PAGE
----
The Town has recently received two letters from Montana Governor Steve Bullock. One praises the mayor for correcting inequities in the pay scale of the town’s employees. The other congratulates the Town for its partnership with the Stevensville Main Street Association, one of only two nationally accredited programs in the state. The Town has been a major contributor to the Main Street program for at least 10 of the last 12 years, but this council and mayor developed a more detailed, outcome-based contract for services with the Main Street organization so they – and the taxpayers – would have a detailed record of the work performed on behalf of the Town.
After the tragic school shooting in Connecticut, the mayor and police chief contacted Stevensville School to see if they could do anything to improve security, and the resulting COPS grant they successfully applied for will add a School Resource Officer for at least the next four years.
We don’t live within the town limits, so we can’t vote. But we do own commercial property on Main Street and we pay property taxes which go into the town coffers to fund essential services. We have worked out of our downtown office for 28 years. We have attended many, many council meetings. We have covered these meetings through six mayors. Our memories are not that short that we’ve forgotten that just two years ago, the atmosphere at council meetings was so divisive that very little work was getting done. A mayor, a clerk/treasurer, and two council persons resigned amid accusations of harassment, intimidation and bullying.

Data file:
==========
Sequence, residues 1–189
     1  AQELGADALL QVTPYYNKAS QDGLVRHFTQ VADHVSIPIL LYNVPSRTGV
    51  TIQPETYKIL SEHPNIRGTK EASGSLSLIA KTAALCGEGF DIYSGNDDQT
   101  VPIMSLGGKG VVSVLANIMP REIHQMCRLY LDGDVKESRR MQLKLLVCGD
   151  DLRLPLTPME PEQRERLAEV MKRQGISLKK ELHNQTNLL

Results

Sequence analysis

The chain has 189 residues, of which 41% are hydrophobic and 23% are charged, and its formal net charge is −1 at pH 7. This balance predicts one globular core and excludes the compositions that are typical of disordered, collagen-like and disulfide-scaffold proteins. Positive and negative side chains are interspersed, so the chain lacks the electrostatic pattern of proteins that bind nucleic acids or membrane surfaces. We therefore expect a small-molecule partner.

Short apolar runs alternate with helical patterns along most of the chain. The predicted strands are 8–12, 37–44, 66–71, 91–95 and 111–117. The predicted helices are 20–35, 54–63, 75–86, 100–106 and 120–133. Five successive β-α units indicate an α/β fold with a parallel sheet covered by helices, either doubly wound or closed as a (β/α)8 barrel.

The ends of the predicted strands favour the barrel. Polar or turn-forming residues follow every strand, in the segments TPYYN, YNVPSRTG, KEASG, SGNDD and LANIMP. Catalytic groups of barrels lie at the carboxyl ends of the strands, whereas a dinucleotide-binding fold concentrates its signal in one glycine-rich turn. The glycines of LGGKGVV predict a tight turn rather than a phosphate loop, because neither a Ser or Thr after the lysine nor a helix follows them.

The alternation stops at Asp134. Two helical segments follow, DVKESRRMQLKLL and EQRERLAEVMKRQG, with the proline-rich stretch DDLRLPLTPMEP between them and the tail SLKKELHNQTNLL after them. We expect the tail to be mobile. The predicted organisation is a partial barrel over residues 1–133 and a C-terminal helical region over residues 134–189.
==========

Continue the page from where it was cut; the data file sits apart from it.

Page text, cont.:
That may have made for interesting reading in the newspaper, but don’t we expect better from our town leadership? The council and mayor have a responsibility to work together in the best interests of the citizens of Stevensville. An effective mayor understands how local government works, fulfills his or her supervisory duties in a fair and professional manner, builds consensus among council members, and is able to balance the interests of individuals with what is in the best interest of the citizenry as a whole.
We still report on the council meetings as we’ve always done. You can count on the Star to tell you the whole story. And the whole story is that this council and mayor have accomplished a lot. The atmosphere at the meetings is civil, the discussion is lively, public comment is encouraged. This is one of the most transparent municipal administrations that we have seen in a quarter of a century. If you don’t know what’s going on at this Town Hall, you must have failed to ask.
The accomplishments we have listed can be verified by anyone. It is a far cry from the list of quarrels, accusations, fiascos, resignations and downright absurd behavior that rightly characterizes some of our most recent administrations, which can also be verified.
No matter who is at the helm, the institution of town government will always be here. But the voters of Stevensville must ask themselves, do we like what we have now?
We say now is not the time to turn back.